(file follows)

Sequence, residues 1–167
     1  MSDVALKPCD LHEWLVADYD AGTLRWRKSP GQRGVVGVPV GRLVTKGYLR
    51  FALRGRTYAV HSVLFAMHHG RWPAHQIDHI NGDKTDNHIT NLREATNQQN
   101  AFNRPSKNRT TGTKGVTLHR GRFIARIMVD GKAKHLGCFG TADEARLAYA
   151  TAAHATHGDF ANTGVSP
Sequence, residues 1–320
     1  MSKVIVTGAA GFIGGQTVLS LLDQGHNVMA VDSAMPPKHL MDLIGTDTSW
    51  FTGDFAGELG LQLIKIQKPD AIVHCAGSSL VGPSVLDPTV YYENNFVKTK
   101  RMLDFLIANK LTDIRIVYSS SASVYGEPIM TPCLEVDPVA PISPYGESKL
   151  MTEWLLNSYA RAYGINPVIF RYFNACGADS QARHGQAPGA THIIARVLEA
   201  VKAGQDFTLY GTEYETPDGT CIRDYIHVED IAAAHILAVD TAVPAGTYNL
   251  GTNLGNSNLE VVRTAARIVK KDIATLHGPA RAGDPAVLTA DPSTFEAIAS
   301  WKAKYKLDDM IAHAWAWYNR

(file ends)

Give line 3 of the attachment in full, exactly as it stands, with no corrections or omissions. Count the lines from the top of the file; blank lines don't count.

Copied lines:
    51  FALRGRTYAV HSVLFAMHHG RWPAHQIDHI NGDKTDNHIT NLREATNQQN